February 5, 2013


Diane M. Fremgen

Clerk of Court of Appeals







This opinion is subject to further editing.  If published, the official version will appear in the bound volume of the Official Reports. 


A party may file with the Supreme Court a petition to review an adverse decision by the Court of Appeals.  See Wis. Stat. § 808.10 and Rule 809.62. 





Appeal No. 


Cir. Ct. No.  2011CV67









Chase Home Finance, LLC,






Jason A. Nasman and Robin L. Nasman,




Mortgage Electronic Registration Systems, Inc.,







            APPEAL from a judgment of the circuit court for St. Croix County:  HOWARD W. CAMERON, JR., Judge.  Affirmed. 

            Before Hoover, P.J., Mangerson, J., and Thomas Cane, Reserve Judge.

1        PER CURIAM.   Jason and Robin Nasman, pro se, appeal a summary judgment of foreclosure in favor of Chase Home Finance, LLC.  We affirm.

2        On July 11, 2003, the Nasmans received a $162,000 loan.  They executed a note and mortgage naming Centennial Mortgage and Funding, Inc., as lender.  The note is secured by the mortgage dated the same date as the note.[1]   The note and the mortgage indicate that each may be transferred and assigned.

3        The note states on its face that “[t]he note holder may enforce its rights under this Note against each person individually or against all of us [Nasmans] together.”  The mortgage also indicates that Mortgage Electronic Registration Systems, Inc. (“MERS”)[2] is acting for lender and lender’s successors and assigns, and that the note or a partial interest in it can be sold one or more times without prior notice to borrower.

4        The note was endorsed twice:  first by Centennial to Ohio Savings Bank, and Ohio Savings Bank subsequently endorsed the note in blank.  On January 14, 2011, MERS executed, certified and filed an assignment of mortgage which assigned the mortgage to Chase.[3] 

5        The Nasmans failed to make payments under the terms of the note and mortgage.  On January 19, 2011, Chase commenced an action for foreclosure and sale of the mortgaged premises.  The circuit court granted summary judgment and entered a judgment of foreclosure in favor of Chase.  The Nasmans now appeal.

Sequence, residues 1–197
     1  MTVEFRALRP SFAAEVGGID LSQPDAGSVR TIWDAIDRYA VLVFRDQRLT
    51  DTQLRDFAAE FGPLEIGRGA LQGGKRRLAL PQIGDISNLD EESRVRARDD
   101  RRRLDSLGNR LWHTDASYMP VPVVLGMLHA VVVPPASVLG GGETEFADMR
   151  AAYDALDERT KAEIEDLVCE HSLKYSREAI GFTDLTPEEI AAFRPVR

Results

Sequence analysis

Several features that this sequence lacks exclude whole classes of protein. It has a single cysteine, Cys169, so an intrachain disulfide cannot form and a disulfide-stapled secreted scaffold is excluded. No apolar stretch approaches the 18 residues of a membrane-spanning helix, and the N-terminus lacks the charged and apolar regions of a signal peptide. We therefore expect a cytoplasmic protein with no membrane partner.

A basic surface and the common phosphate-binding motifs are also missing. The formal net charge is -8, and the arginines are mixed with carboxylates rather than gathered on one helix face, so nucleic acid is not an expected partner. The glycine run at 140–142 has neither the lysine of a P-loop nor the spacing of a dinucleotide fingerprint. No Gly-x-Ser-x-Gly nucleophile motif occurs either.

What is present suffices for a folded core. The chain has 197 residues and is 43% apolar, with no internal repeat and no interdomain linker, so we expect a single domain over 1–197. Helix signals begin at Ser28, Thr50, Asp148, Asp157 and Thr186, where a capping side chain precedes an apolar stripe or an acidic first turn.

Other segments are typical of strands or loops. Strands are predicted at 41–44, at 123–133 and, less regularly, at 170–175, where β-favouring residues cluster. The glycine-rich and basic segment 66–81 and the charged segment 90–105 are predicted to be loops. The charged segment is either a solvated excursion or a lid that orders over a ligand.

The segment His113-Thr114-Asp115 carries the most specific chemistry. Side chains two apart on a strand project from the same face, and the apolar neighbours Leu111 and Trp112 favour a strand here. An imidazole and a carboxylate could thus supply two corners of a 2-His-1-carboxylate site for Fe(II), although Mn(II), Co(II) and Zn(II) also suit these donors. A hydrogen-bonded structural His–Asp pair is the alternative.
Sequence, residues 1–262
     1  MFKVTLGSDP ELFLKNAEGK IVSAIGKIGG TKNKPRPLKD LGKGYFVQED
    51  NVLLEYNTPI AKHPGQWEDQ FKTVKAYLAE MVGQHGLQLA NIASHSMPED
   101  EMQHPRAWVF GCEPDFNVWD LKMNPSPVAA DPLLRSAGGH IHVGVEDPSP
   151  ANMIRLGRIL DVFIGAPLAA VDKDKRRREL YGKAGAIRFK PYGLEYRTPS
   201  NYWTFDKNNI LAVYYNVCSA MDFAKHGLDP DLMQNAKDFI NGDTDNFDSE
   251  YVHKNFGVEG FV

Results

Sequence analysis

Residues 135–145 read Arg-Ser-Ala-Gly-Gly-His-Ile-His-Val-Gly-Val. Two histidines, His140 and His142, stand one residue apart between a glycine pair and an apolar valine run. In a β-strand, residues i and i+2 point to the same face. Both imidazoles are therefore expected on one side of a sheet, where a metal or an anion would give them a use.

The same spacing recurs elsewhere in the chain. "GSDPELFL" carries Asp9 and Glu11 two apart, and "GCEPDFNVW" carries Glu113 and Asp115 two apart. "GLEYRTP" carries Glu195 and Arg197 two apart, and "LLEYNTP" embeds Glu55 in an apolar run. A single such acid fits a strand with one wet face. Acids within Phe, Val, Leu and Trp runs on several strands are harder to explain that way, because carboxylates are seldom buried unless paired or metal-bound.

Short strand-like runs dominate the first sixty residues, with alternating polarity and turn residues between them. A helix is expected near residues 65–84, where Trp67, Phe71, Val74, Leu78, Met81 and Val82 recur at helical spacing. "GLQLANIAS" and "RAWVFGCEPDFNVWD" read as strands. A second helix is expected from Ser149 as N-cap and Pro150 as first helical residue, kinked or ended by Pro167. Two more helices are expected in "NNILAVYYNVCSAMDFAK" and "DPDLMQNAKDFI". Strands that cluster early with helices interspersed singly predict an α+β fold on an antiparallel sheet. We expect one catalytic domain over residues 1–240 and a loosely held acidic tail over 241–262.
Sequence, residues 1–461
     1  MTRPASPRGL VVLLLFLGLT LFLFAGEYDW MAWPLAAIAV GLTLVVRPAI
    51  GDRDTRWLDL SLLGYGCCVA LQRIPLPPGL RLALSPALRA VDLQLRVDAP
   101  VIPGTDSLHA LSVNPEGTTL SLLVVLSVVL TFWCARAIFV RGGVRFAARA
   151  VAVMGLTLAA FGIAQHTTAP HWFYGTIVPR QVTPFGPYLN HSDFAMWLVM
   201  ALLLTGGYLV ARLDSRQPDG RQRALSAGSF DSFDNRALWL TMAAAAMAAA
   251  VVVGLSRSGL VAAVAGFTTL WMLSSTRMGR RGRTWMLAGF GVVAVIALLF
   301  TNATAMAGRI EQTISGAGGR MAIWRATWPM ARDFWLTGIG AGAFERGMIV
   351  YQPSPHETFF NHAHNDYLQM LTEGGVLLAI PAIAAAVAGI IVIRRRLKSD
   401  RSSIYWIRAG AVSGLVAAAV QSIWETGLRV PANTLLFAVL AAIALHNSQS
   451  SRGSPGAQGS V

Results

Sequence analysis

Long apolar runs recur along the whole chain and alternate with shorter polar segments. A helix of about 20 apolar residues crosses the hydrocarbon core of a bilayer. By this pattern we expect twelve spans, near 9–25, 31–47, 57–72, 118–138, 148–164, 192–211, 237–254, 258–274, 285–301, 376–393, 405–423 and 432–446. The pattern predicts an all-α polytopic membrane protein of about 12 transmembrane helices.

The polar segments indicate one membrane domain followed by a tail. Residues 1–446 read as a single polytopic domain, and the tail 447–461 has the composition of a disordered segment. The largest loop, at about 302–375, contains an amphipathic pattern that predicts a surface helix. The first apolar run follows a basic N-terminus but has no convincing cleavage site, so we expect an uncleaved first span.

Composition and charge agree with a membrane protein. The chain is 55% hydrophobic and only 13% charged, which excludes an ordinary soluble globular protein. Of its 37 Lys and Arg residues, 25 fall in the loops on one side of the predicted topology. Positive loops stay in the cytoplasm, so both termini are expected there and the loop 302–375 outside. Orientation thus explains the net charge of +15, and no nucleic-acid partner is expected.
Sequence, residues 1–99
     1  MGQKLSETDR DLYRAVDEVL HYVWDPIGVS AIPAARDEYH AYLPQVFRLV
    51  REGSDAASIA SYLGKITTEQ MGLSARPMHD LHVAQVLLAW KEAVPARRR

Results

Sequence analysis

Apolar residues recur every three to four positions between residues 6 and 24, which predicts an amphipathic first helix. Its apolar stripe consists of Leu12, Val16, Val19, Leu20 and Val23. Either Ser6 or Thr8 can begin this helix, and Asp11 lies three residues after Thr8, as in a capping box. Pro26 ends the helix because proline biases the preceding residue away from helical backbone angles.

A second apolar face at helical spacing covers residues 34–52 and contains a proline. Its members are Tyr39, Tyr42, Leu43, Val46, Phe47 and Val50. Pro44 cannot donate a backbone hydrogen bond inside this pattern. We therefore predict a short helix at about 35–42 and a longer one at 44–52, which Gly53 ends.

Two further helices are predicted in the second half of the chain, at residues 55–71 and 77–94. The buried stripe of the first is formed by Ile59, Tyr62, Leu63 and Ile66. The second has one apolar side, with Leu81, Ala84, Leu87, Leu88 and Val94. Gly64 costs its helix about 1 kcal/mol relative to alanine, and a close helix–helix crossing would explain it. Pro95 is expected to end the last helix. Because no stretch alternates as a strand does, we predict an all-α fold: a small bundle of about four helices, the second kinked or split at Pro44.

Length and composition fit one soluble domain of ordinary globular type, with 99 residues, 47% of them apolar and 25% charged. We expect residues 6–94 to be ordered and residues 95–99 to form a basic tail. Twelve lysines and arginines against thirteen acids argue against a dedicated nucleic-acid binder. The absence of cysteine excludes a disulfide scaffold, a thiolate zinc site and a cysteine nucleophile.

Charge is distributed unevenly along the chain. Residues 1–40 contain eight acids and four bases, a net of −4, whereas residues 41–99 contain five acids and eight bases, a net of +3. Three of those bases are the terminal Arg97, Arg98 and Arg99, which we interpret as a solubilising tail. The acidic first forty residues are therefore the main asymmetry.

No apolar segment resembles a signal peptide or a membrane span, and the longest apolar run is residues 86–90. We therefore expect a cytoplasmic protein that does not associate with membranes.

6        Summary judgment methodology is well established and will not be fully repeated here.  A party is entitled to summary judgment when there are no genuine issues of material fact and that party is entitled to judgment as a matter of law.  Wis. Stat. § 802.08(2).[4]  On summary judgment, the party submitting affidavits need not submit evidence to conclusively demonstrate the admissibility of the evidence it relies upon in the affidavit.  See Gross v. Woodman’s Food Mkt., Inc., 2002 WI App 295, ¶31, 259 Wis. 2d 181, 655 N.W.2d 718.  That party need only make a prima facie showing that the evidence would be admissible at trial.  Id.  The burden then shifts to the opposing party to show that the evidence is inadmissible or to show facts which put the evidence at issue.  Id.

7        Here, the Nasmans concede they signed the note and mortgage.  They neither dispute the payment terms of the note, nor their default under the terms of the note and mortgage.  Nevertheless, the Nasmans argue that the note does not name Chase as the lender and therefore contradicts the allegations of the complaint.  We are not persuaded.

8        The note was endorsed in blank and Chase submitted an affidavit averring that it is currently in possession of the note.  An endorsement in blank is payable to its bearer.  See Wis. Stat. § 401.201(2)(km)1.  A person in possession of an instrument payable to its bearer is a holder of the instrument and entitled to enforce its provisions.  See Wis. Stat. §§ 403.301, 403.205(2).